Food Not Bombs came off brilliantly last week. However, this week we're decimated by illness, though with a crew of under ten, that might not be the best word choice. I'm still fighting a bronchial condition, with abdominal pain from so much coughing (more at night). I'll steer clear of the food prep except for sterile procedures. Lindsey is just as under the weather with different symptoms, so is wisely out of the picture.
Satya and Cera came by the Blue House the other evening and spoke at length about Bhutan with my mom. I made a cameo appearance after Pauling House, saying the plane was early, so I had to move quickly. I was in and out the door in about 30 seconds. The MVP in question is the chairman of Python Software foundation, in town for GOSCON.
Speaking of GOSCON, the Ignite.gov event was the first ever Ignite for the government (.gov). O'Reilly is OK with the meme transfer, i.e. the spread of the brand from non-governmental services (NGOs etc.). The Ignite format allows for 20 autopaced slides at 15 seconds per, or is it 15 slides at 20 seconds per -- seems that should be up to the presenter?
In any case, the talks were excellent. I sat with two of the same folks I'd shared a table with at Barcamp 4, along with Rami Kassab (a presenter) and someone else from his company. Steve and I were both wearing Holden Web badges. Most the tables were occupied but were by no means packed. Small intimate conferences are a rarity in some circles, especially with so much going on between the developer community and government.
What did I come away with from these talks? Government is today seeing itself as a provisioner of data sets. That's something governments often do well: amassing data, statistics, large pools of information.
Making the presentation layer attractive, or thinking of ways to combine data sets to tell a story, is not something government should have to worry about. The developer community, the app builders, have those skills.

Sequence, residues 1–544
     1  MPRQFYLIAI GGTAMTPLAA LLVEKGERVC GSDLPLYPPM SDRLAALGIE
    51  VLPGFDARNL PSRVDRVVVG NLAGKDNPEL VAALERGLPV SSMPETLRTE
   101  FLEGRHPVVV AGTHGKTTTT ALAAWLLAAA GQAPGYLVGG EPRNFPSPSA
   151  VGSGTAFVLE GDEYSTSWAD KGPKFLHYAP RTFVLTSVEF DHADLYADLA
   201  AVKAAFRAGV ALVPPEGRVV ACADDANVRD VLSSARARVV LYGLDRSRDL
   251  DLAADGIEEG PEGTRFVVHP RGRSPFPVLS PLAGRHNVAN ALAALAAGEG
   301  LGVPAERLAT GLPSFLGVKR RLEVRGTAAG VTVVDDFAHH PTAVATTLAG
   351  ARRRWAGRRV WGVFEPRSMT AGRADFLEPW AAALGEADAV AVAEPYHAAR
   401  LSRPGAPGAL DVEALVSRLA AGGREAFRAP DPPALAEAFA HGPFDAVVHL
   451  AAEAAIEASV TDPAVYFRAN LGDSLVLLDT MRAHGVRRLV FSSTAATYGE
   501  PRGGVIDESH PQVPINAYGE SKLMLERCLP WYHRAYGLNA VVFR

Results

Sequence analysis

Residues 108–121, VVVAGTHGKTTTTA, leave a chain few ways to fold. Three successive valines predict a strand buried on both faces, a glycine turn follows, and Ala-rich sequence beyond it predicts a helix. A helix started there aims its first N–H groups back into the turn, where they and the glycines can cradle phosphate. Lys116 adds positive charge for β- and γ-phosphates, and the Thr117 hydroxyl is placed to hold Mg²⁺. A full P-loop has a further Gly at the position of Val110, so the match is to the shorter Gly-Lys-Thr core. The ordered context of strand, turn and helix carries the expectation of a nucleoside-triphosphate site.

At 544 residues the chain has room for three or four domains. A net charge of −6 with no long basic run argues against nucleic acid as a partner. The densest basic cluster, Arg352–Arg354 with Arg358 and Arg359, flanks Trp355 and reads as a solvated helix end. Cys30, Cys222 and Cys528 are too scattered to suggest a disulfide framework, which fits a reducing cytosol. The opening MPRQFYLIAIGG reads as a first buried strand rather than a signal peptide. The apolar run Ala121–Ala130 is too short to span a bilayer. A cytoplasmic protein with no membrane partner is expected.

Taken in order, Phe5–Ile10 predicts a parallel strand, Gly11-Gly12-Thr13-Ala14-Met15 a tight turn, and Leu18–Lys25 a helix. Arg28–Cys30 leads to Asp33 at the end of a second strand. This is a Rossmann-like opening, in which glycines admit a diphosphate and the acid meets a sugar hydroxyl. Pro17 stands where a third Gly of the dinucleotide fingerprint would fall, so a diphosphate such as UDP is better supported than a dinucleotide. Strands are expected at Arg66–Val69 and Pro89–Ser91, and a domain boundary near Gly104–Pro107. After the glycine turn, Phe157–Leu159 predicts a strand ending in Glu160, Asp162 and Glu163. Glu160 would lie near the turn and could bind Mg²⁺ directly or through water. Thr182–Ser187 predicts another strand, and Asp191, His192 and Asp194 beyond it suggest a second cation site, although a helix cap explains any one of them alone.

By providing a level playing field of data set libraries, the government fulfills its side of the social contract. Different players will come along and mine that data, sometimes for private gain, sometimes for public service, often as a combination of both (serving the public garners good will and customer loyalty to the brand).
Portland, Oregon has a fairly advance community accustomed to using data sets to create what are called civic apps. This might be iPhone and/or Droid apps. The data might be real time relevant i.e. when is the next bus set to arrive. That's a service anyone with a cell phone might avail of today (I was using it last night in fact, when talking the 14 back from downtown).
The data might be long term chronological and only changing slowly. We could say all of it is geographic at some level, defining geography rather broadly (biochemical processes within the body use energy in a time and place, so are geographic in that sense). Not surprisingly, many of those attending GOSCON have a GIS background.
I introduced Chairman Steve to Selena Dickelman, one of the chief organizers of this event. Amber Case was also present but too surrounded by discussants for me to want to break in. Later, at Kells, we met up with Deb Bryant of OSL, the lead protagonist in that Willamette Week article some weeks back. She and Nate were both primed to talk about public-private partnerships.
Nate had lots to say on the topic of EMRs (electronic medical records). Deb kindly consented to having her picture taken with the PSF totem (Naga, our mascot). Such as I've been around at the edges of GOSCON, I've been serving in the capacity of "snake wrangler", same as at Djangocon some weeks ago.
My request for a discount on school lunches was denied within just 24 hours. I probably shouldn't have reported gift income, nor does the form anywhere ask about expenses. That $500 a month for catastrophic coverage... when it comes to civic apps, I did not really see how this was a well designed one.
Lindsey's solar panel came today, for powering her battery charger and perhaps an XO-1 (experiments needed). How does one live lightly on the earth? She's very conscientious about recycling, including fabric and materials. Her boots, scavenged from a free pile, have lasted about a year with frequent patching. They're close to worn through.
Two of the cross-country bicycle guys from a few weeks back have showed up. Their buddy was hit on the road near Cocquille and had to be life flighted to Emanuel in urgent condition. They hitched back to Portland and are researching their options....
Here's Cera, gotta go.